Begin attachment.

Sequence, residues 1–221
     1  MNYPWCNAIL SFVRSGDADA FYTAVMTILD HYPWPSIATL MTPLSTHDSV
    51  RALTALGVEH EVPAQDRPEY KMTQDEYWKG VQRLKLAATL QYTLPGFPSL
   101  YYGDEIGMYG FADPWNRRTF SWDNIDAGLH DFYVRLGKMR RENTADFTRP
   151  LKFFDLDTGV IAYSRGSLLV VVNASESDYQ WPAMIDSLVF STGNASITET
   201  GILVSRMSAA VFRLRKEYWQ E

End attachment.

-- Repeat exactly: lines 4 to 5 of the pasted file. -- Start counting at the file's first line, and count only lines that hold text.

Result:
   101  YYGDEIGMYG FADPWNRRTF SWDNIDAGLH DFYVRLGKMR RENTADFTRP
   151  LKFFDLDTGV IAYSRGSLLV VVNASESDYQ WPAMIDSLVF STGNASITET